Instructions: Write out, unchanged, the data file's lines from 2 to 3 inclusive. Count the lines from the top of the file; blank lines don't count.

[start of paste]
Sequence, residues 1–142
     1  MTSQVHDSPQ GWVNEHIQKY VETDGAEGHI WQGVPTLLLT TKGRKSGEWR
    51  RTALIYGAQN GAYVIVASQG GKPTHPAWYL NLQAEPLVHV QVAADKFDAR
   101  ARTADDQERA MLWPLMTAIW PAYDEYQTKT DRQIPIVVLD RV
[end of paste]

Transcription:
     1  MTSQVHDSPQ GWVNEHIQKY VETDGAEGHI WQGVPTLLLT TKGRKSGEWR
    51  RTALIYGAQN GAYVIVASQG GKPTHPAWYL NLQAEPLVHV QVAADKFDAR